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Mormons' Love-Hate Relationship With America

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The golden Angle Moroni stands atop the Mormon Salt Lake temple while the 179th Semi-Annual General Conference of the Mormon church takes place on October 3, 2009 in Salt Lake City, Utah
The golden Angle Moroni stands atop the Mormon Salt Lake temple while the 179th Semi-Annual General Conference of the Mormon church takes place on October 3, 2009 in Salt Lake City, Utah

SALT LAKE CITY (RNS) As Americans celebrate the nation's founding, some Mormons may outdo their neighbors in fireworks, fanfare and frenzy to express their outsized patriotism.

Love of America, they believe, stretches beyond appreciation and gratitude. It is theological, prescribed in holy writ.

When it comes to American exceptionalism, Sen. Mike Lee, R-Utah, recently said, "Mormons sort of have an extra chromosome."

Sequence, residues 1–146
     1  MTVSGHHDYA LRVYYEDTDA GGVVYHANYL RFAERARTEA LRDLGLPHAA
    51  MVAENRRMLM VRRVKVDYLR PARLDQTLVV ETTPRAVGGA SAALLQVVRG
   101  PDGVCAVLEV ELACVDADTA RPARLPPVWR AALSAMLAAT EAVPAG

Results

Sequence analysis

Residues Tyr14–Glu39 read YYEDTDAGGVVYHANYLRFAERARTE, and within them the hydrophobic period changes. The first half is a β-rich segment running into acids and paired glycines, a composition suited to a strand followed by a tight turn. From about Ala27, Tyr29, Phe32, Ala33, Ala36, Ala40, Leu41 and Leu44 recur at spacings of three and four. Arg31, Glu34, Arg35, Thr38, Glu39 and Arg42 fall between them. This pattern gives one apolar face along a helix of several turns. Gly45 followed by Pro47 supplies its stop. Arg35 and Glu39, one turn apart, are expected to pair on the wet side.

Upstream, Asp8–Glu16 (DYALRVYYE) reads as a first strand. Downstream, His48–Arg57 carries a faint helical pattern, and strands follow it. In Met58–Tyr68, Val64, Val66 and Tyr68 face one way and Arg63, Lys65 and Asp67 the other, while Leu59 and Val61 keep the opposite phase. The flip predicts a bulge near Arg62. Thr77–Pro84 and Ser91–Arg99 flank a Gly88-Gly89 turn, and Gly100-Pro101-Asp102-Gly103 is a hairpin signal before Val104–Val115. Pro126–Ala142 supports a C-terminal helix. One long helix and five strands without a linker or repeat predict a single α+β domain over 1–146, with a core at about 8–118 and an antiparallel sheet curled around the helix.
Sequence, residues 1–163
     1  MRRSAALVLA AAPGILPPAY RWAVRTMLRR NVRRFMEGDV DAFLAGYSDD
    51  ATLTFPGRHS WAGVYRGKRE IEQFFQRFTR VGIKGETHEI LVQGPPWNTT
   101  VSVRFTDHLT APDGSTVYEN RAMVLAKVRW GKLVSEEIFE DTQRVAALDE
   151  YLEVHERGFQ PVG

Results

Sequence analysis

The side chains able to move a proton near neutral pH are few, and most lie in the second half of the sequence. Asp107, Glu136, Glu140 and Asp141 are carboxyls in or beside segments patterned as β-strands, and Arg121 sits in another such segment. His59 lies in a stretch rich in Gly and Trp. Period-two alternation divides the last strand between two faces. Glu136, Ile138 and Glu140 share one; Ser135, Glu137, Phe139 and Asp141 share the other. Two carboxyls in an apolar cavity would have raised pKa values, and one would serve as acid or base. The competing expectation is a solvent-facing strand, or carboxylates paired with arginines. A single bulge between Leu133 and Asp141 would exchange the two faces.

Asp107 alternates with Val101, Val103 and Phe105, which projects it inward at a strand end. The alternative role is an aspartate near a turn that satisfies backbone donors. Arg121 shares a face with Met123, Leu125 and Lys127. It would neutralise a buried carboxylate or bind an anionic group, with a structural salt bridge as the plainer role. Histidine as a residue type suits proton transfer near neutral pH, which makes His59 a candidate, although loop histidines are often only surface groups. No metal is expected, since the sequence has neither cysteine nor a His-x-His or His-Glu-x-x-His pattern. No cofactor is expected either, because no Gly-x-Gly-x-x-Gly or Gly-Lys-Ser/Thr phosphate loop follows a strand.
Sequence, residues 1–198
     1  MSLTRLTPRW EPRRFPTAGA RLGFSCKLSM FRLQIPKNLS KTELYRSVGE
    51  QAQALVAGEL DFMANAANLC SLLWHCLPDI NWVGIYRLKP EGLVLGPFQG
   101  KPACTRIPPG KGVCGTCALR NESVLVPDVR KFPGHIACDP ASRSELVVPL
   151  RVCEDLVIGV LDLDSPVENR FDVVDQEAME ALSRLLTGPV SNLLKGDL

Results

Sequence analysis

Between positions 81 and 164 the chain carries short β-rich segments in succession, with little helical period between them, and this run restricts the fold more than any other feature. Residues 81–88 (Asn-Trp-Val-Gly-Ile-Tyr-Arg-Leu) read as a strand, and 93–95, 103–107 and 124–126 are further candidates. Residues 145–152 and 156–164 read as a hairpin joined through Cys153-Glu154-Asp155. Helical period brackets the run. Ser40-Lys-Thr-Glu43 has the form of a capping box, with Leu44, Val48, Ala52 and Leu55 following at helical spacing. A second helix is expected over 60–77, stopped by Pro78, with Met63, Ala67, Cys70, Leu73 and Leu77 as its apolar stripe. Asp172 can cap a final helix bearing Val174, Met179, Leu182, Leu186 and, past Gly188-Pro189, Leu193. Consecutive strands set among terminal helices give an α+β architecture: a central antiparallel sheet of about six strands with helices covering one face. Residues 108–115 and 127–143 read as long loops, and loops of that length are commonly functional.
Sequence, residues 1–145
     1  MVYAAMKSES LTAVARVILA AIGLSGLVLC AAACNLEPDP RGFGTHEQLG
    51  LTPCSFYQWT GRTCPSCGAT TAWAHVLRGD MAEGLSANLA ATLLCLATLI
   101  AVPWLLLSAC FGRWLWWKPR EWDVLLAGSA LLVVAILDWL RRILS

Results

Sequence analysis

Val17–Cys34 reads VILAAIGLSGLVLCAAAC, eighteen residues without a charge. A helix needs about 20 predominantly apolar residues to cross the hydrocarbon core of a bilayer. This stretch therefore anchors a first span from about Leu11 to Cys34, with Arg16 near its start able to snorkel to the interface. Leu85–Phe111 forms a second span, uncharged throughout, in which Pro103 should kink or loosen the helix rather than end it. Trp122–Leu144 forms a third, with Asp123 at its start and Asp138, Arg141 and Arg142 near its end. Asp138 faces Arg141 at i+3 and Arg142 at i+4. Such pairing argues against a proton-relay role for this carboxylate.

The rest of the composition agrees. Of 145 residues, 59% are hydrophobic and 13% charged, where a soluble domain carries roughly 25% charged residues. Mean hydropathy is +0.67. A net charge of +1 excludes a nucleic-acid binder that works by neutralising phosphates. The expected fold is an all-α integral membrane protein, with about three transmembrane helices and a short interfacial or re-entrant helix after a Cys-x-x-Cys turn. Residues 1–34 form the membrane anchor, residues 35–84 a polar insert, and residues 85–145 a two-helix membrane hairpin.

Presidential candidate Mitt Romney repeatedly lauds the crucial role this country has to play in human history.

"I am one of those who believes America is destined to remain as it has been since the birth of the republic," Romney wrote in his book "No Apology: The Case for American Greatness," "the brightest hope of the world."

The Republican nominee-in-waiting asserts the country has declined because President Obama doesn't share his vaulted view. Alluding to a biblical metaphor, Romney has said, the "light from that shining city (on a hill) has dimmed over the last three years, and I will help restore it."